My Toyota Corolla Key Is Stuck in the Ignition – What to Do?

Toyota Corolla is one of the most reliable cars ever built, however, that does not mean they are immune from problems from time to time. One possible issue with a Toyota Corolla is getting your key stuck in the ignition. You twist and turn the key, but it just doesn’t budge. You can’t leave your car that way but you aren’t sure what to do in such a situation. How do you remove the key from the ignition?

If your key is stuck in the ignition of Toyota, follow these steps:

  1. Ensure that the vehicle is in park mode and is turned off.
  2. Turn the steering wheel to free the locking steering column and try to remove the key.
  3. Detach the connecting wire to the Solenoid and try to pull the key.
  4. Check your car battery.
  5. Confirm that your car’s ignition cylinder is working as expected.
  6. If none of these work, call a Tow service and see a mechanic

Commonly the steering lock will bind the key in the ignition. With the transmission in park and the car positively in the ‘off’ position, pull the wheel to the left. There should be a small bit of movement before it stops. In that small area of movement, try removing the key. This can be finicky, so try it a couple of times. This should take the pressure off of the locked wheel and should release the key. If none of these tricks work, you may need to seek out the help of a professional. If you inadvertently damage your ignition cylinder, you may be in for a hefty bill.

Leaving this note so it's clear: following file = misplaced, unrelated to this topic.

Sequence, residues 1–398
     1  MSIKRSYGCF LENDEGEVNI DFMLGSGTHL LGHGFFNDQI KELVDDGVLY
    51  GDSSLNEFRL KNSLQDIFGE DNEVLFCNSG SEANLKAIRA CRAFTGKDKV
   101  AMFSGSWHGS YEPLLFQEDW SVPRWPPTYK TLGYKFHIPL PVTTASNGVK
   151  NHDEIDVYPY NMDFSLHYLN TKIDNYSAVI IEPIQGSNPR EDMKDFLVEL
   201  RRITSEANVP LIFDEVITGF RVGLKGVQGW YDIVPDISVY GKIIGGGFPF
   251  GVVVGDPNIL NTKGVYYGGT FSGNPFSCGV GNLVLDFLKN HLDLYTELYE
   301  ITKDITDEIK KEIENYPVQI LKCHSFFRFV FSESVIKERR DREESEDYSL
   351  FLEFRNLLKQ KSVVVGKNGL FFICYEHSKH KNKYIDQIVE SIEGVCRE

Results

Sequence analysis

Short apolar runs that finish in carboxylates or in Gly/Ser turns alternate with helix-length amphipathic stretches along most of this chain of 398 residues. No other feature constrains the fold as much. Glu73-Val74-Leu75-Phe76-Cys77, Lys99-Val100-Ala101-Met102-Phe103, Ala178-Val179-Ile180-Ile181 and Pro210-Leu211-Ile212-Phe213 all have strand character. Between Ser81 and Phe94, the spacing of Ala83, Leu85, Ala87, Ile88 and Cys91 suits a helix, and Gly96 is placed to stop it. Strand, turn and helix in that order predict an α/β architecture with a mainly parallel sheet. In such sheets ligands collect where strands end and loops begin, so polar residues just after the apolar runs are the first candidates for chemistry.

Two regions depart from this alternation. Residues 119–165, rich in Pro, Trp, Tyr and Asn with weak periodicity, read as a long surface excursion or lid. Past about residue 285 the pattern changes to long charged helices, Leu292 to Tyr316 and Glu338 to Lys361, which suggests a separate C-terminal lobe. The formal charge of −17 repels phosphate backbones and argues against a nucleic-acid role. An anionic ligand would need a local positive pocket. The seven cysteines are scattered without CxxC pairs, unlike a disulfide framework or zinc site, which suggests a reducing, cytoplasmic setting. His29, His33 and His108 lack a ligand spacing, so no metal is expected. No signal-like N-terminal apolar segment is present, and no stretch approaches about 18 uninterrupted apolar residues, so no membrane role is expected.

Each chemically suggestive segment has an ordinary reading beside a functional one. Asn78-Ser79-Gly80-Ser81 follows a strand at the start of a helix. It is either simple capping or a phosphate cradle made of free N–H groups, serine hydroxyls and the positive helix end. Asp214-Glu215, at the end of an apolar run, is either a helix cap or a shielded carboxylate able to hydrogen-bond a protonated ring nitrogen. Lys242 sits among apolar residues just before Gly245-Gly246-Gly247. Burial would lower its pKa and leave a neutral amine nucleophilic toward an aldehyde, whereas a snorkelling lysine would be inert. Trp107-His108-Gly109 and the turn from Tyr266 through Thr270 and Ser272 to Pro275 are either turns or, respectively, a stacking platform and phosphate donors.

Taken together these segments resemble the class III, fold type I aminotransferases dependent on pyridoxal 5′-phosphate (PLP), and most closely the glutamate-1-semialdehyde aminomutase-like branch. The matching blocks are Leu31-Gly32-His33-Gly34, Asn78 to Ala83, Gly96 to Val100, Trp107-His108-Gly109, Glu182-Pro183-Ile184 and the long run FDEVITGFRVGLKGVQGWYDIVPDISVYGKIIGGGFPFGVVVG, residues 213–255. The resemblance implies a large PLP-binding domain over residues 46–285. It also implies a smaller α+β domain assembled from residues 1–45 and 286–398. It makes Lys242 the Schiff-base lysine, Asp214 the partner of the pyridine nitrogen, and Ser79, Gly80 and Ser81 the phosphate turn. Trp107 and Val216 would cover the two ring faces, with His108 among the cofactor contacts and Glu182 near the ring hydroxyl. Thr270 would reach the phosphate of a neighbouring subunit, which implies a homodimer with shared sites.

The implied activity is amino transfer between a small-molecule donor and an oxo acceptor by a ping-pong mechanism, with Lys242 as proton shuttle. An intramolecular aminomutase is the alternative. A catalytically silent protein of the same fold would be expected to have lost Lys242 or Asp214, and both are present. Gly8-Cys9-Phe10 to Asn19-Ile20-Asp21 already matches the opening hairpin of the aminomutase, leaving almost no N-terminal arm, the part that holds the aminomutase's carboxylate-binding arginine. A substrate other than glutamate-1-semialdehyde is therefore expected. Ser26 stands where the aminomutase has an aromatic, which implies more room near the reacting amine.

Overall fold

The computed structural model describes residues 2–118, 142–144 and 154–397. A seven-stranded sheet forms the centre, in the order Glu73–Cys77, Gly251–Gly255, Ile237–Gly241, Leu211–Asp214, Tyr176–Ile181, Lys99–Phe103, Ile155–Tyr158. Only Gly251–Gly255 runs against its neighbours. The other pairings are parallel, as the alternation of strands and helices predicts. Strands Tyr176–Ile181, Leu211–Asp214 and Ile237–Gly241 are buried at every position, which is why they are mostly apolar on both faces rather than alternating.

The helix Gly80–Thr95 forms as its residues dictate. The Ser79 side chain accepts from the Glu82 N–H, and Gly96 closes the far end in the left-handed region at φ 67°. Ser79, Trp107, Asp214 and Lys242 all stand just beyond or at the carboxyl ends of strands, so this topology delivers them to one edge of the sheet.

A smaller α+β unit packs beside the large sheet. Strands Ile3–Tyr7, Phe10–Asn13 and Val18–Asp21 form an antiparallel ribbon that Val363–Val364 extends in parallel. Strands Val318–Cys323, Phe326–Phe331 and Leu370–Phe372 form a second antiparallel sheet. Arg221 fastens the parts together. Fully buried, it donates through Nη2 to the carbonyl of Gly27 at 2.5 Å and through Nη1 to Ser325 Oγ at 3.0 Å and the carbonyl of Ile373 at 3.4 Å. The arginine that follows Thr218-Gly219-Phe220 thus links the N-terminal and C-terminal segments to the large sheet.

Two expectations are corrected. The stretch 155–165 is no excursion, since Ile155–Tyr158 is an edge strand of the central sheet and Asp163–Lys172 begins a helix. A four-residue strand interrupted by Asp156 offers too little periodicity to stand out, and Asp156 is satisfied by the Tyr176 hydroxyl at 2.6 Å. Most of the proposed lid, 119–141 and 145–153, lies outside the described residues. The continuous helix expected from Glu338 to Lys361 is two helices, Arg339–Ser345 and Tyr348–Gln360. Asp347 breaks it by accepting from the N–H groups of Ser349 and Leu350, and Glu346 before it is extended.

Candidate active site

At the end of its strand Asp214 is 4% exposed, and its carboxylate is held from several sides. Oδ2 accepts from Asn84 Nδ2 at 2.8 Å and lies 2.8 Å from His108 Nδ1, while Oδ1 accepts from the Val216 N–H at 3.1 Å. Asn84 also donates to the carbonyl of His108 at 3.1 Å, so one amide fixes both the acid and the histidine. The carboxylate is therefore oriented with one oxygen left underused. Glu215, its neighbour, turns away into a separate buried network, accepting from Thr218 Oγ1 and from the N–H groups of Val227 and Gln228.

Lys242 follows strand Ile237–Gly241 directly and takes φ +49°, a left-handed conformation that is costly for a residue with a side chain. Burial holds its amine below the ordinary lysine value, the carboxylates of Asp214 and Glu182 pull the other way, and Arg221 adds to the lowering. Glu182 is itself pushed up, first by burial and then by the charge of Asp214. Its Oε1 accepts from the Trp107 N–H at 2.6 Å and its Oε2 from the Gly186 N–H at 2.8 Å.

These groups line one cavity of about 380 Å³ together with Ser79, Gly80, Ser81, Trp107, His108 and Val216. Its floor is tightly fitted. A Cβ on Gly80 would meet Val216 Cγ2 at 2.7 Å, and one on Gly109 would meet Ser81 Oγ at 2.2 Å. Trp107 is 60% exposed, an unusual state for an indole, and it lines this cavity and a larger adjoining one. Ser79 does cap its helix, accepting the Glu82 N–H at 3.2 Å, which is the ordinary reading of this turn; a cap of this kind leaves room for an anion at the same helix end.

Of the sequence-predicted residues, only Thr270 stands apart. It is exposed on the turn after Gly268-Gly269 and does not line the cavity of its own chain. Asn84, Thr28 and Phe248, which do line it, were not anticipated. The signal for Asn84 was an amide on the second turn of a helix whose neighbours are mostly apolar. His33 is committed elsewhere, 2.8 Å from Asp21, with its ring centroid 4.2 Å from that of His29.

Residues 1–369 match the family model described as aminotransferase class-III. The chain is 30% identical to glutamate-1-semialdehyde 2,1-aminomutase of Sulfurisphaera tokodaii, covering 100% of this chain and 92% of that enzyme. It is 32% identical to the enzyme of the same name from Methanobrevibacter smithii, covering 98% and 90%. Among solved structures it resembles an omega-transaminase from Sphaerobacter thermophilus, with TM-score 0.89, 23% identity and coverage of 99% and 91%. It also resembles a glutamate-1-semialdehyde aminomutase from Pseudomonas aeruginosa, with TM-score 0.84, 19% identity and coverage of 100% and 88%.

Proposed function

Steps to Take When Your Toyota Key Gets Stuck In Ignition

This is not an uncommon occurrence and there’s a good chance it simply has to do with the steering lock. The worst thing you can do is try to remove the key by force; that will only damage the cylinder.

Ensure that the vehicle is in park mode and is turned off

The steering lock acts as a means of retaining the key in the ignition while the car is running and/or in gear. Your car should be off completely. Check to see that the key is fully in the ‘off’ position and is not in ‘accessory’. Now check that your car’s shifter is completely in park mode. If you aren’t positive, turn your car back on, shift to drive and back to park, then turn the car off once more, being sure to land firmly in the ‘off’ position.

Turn the Steering Wheel to Free the Locking Steering Column and Try to Remove the Key